You’ll want to discuss returns with your Amazon rep because of how the FBA returns policy adapts to product categories. Amazon FBA “baby” items, for example, have a 90-day window for returns if they’re in new, unopened conditions. In this case, Amazon also handles the return support for the seller and will give the customer a free return label. This won’t work if you’re selling via Multi-Channel Fulfillment (MCF) orders.
Amazon also has an extended policy for holiday returns on FBA items that you sell and ship out during November and December. Returns are applicable through at least the end of January. (Just be prepared for holiday issues around inventory and returns.)
FBA returns policy: refunds and returns
Nearly everything in Amazon’s list is going to come with an asterisk.
Amazon’s refunds give customers all or part of their money back. Sometimes, they issue a “returnless refund” where the customer doesn’t have to send the item back. In other cases, items can’t be returned but the customer may still be able to get a refund.
Returns require that the customer send the product back to the Amazon fulfillment center.
Return reason required
Amazon requires shoppers to request a return and provide a reason. The reason listed is how it starts the process of determining who is at fault. That also determines who pays for return shipping costs and what fees you may be charged (more on that below).
Some are obvious in terms of fault. A customer not liking the color, having found a better price elsewhere, or an accidental order indicate their fault. Poor packaging causing damaging, defective items, or missing parts is often the seller’s fault. Amazon may take the blame if the order arrived late, was damaged during shipping, or was different from what was ordered.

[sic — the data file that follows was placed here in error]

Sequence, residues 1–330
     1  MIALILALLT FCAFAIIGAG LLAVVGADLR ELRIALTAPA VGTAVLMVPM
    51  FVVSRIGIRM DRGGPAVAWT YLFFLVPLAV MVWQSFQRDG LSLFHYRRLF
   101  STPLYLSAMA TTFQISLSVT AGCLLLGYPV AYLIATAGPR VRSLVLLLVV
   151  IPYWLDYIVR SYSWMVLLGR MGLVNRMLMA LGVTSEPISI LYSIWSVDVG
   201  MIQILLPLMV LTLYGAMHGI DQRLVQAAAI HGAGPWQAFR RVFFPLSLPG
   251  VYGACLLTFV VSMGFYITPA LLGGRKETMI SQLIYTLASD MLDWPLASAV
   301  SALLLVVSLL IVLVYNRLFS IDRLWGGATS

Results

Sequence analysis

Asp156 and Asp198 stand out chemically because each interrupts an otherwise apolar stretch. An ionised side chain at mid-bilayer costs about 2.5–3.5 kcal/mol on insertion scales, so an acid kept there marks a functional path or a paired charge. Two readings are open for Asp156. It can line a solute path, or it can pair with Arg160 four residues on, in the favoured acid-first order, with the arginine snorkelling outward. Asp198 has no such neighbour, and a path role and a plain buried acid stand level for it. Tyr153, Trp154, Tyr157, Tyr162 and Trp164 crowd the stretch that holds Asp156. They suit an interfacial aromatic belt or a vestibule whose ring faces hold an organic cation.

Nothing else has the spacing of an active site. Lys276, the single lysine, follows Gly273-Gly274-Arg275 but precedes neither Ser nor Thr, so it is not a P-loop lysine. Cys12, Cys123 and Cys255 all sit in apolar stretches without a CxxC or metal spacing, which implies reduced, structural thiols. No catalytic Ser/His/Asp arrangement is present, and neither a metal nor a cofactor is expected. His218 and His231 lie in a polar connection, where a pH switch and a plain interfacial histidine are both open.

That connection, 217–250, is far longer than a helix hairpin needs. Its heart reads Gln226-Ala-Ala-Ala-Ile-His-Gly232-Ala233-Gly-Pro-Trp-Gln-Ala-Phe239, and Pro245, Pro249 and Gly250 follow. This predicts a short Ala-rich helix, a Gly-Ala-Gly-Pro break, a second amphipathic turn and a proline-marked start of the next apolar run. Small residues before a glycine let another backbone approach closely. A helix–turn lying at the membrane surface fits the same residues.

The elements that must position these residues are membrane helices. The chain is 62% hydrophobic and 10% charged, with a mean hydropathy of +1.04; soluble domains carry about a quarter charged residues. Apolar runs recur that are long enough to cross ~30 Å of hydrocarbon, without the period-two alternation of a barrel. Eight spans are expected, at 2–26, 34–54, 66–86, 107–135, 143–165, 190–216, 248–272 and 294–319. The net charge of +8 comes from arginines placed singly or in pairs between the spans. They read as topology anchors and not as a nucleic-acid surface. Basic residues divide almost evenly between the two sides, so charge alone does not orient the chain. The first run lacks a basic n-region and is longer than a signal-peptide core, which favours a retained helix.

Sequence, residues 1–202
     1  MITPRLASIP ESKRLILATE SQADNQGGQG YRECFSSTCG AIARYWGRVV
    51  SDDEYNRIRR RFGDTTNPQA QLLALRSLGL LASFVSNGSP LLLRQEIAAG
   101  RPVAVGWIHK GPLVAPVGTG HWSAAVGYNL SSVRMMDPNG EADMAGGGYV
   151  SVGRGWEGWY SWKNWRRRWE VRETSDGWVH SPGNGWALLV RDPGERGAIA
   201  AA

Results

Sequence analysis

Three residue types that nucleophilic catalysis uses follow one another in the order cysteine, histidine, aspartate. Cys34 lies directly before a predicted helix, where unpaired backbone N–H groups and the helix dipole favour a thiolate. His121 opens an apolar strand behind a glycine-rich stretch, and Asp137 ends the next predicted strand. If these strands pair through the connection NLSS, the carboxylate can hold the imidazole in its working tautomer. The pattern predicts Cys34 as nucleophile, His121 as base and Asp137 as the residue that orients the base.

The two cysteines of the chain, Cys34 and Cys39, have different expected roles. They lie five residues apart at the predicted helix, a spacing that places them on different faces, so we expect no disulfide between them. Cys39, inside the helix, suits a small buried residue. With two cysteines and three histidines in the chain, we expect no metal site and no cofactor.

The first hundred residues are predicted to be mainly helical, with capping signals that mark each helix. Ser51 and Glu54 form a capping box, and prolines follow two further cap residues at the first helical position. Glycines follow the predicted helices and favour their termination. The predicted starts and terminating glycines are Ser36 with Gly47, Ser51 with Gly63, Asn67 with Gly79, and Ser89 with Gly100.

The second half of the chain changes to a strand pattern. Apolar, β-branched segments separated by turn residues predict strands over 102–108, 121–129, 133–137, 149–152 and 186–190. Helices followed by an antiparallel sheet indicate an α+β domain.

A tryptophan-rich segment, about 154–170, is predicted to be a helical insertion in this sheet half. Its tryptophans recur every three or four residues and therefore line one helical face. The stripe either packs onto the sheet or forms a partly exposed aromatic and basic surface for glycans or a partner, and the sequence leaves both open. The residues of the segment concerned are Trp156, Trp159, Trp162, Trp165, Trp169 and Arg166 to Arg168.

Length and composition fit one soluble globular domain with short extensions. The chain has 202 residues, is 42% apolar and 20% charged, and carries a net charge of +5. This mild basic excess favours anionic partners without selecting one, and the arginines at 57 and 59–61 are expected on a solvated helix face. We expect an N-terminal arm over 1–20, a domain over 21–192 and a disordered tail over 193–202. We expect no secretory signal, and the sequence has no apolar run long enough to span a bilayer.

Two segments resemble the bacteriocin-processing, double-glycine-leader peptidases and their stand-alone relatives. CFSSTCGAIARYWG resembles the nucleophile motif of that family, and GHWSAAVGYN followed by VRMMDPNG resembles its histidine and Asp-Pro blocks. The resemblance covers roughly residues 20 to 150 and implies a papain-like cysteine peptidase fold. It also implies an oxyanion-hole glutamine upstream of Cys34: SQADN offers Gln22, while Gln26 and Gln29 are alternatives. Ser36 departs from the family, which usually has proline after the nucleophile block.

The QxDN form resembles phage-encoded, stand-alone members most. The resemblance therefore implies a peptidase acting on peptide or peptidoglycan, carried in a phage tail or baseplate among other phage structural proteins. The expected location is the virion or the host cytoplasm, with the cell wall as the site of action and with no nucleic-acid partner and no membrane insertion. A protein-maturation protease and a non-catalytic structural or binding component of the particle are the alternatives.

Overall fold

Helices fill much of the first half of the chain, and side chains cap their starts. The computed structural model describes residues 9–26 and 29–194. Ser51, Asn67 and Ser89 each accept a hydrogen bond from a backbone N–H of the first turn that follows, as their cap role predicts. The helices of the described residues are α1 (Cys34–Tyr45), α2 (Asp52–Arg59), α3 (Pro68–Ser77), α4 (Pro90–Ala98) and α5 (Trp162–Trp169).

For sellers: FBA returns policy important notes
The FBA returns policy impacts you at the point the customer requests a return. From there, goods are sent to Amazon’s facilities and the company looks at damage or loss. Amazon assigns fault and will charge you or the customer appropriately. In some instances, Amazon says it is to blame and will refund the customer as well as returning some order costs to you. These can be tricky, such as carrier-related damage causing a product to be listed as “unsellable” and Amazon not reimbursing you. In that case, you’ll need to address it directly with the carrier.
Let’s look a little deeper at this and some of the important categories and characteristics of the FBA returns policy.